An Endoscopy is a nonsurgical or minimally invasive procedure to observe inside a person’s body using an instrument called an endoscope. An endoscope is a long, thin, flexible tube with a light and camera attached to it. It allows your doctor to view pictures of the insides of your body on a television screen. Endoscopes can be inserted through a natural opening, such as the mouth down the throat or through the bottom. It can also be inserted through small incisions during keyhole surgery. There are three main reasons an endoscopy is carried out: investigation, confirmation of a diagnosis, and treatment.
This procedure can be used to investigate unusual symptoms and help perform certain types of surgery. It can also be used to remove a small tissue sample for further analysis, which is known as a biopsy. Additionally, the procedure can also be used to treat a digestive problem. For instance, it might not only detect active bleeding from an ulcer, but it can also have devices attached to it to stop the bleeding. Your doctor may suggest you undergo endoscopy if you experience persistent abdominal pain, persistent nausea and vomiting, vomiting blood, persistent diarrhea, blood in your stools, gallstones, blockage of the esophagus, unusual vaginal bleeding, chest pains that are not caused by heart conditions, and difficulty swallowing. Endoscopy is quick, relatively safe, and delivers a detailed image. Therefore, tens of millions of endoscopies are performed every year.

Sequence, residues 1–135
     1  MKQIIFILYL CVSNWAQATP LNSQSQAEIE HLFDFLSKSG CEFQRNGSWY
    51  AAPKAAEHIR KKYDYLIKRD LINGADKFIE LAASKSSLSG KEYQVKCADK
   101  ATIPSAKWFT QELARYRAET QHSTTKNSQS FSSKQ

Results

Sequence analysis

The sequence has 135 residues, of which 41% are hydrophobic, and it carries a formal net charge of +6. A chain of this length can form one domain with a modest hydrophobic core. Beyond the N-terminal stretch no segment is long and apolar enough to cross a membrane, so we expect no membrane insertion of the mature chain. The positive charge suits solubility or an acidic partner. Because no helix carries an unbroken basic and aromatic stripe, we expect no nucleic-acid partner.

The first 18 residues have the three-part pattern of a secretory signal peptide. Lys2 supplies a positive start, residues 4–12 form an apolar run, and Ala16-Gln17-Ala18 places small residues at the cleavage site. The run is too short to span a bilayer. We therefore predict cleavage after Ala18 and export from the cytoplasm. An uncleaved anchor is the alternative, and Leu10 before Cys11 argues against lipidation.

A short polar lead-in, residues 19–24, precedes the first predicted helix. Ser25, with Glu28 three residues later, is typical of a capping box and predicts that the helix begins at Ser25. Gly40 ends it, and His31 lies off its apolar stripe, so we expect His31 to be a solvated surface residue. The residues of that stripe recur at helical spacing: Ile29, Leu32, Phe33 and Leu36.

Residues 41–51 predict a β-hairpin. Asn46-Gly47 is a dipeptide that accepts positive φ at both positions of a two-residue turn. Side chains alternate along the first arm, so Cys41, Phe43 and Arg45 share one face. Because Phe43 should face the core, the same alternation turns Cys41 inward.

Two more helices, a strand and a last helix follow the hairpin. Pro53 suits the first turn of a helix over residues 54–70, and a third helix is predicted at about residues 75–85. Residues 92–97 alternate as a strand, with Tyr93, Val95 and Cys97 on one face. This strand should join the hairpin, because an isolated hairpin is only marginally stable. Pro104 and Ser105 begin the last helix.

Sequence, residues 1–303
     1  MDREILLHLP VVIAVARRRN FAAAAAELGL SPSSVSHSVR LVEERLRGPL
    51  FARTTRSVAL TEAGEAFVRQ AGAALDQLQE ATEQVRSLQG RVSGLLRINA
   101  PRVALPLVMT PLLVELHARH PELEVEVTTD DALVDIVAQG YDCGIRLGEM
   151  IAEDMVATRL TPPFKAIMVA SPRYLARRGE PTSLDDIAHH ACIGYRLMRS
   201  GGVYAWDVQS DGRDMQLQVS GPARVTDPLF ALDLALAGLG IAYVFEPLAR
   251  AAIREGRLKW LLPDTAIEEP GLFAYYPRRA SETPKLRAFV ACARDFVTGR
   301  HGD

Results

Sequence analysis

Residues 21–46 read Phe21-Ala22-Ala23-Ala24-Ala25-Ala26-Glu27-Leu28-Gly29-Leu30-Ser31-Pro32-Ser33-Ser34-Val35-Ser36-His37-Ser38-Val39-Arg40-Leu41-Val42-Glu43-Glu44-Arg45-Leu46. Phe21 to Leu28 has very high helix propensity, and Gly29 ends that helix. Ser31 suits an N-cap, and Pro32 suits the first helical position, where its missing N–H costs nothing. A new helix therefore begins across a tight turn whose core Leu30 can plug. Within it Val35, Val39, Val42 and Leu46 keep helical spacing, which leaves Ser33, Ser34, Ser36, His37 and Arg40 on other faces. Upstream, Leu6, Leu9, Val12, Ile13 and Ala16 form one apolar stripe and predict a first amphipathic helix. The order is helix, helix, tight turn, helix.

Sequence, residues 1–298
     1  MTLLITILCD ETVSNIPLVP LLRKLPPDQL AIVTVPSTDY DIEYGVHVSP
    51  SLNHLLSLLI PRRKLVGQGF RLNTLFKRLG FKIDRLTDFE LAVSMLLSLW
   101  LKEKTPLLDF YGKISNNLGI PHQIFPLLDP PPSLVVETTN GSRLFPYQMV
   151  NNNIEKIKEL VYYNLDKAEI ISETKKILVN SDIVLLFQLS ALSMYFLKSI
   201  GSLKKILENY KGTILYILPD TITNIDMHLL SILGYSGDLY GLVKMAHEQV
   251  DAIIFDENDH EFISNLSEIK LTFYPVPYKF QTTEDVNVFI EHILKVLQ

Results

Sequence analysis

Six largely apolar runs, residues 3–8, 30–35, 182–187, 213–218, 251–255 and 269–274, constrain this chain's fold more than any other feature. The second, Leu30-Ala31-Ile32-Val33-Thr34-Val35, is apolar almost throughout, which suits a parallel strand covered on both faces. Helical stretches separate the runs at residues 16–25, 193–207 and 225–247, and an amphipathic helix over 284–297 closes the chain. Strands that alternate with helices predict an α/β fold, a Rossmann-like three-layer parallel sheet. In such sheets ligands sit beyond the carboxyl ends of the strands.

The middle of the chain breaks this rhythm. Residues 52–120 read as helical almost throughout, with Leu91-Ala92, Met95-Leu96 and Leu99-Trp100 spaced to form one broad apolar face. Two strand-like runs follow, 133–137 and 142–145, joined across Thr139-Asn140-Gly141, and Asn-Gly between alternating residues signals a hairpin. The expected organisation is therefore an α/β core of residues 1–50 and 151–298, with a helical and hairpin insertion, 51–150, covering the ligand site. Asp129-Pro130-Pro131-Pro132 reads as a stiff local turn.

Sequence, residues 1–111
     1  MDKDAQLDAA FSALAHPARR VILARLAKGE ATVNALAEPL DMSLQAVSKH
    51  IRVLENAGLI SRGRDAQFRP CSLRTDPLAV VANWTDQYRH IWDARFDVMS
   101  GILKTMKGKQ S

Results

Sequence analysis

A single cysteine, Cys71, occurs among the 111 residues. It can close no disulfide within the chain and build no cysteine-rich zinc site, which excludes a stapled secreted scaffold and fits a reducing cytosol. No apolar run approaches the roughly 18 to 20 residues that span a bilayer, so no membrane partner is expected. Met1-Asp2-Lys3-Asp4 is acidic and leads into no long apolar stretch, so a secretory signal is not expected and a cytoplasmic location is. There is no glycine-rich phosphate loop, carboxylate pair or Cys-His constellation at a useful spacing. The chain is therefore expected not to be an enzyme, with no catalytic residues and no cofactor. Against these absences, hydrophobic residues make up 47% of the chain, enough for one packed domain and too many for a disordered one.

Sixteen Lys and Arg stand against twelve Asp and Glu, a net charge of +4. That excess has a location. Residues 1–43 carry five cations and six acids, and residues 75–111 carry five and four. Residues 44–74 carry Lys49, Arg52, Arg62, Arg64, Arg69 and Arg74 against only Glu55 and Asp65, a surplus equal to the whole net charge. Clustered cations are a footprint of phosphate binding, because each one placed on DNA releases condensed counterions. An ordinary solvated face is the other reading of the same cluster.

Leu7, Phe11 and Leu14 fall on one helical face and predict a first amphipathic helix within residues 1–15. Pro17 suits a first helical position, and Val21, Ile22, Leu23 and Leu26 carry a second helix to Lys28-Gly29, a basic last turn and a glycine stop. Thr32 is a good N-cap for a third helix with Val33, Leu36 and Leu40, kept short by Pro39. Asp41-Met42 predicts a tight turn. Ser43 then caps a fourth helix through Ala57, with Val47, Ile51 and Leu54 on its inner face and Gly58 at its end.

Before endoscopy, your doctor will do a physical examination and review your medical history. It is important to mention if you have any allergies and all current medications you are taking. You may need to stop taking certain medications, including anticoagulant and antiplatelet drugs. Your doctor will ask you to fast for around 12 hours. For some types of endoscopy, procedures to investigate the gut, you may need to take laxatives or enemas the night before to clear your system. The procedure is not painful, and some people only experience mild discomfort. Typically, the procedure is performed when the patient is unconscious. However, you may be given a local anesthetic to numb a certain area of your body. The anesthetic can be in the form of a spray or tablet to numb your throat. You also have the option to take a sedative to help you relax.
During the surgery, the endoscope will be inserted into your body. The exact place it is inserted depends on which part of your body is being examined. There are various types of endoscopy, and each type is designed to look at a certain part of your body. According to the American Cancer Society (ACS), there are eight common types of endoscopy, including:
- Bronchoscopy Used to look inside the lungs, the tube is put in through the nose, mouth, down the throats, into the trachea, and into the airways of the lungs.
- Colonoscopy To check the inside of the colon and rectum, your doctor will insert colonoscopies through the anus, into the rectum and colon.
- Cystoscopy Used to view your bladder and urethra. The tube is put in through the urethra.
- Laparoscopy A procedure to look inside the abdomen and pelvis. The tube is put in through small incisions in the abdominal wall.
- Laryngoscopy Allows doctors to see the larynx, including the vocal cords and the back of the throat. The tube is inserted through the mouth.
- Mediastinoscopy Used to look inside the mediastinum (the area behind the breastbone, between the lungs). The tube is inserted through a small incision above the breastbone.
- Thoracoscopy To look inside the chest cavity. The tube is inserted through a small incision on the lower end of the shoulder blade between the ribs.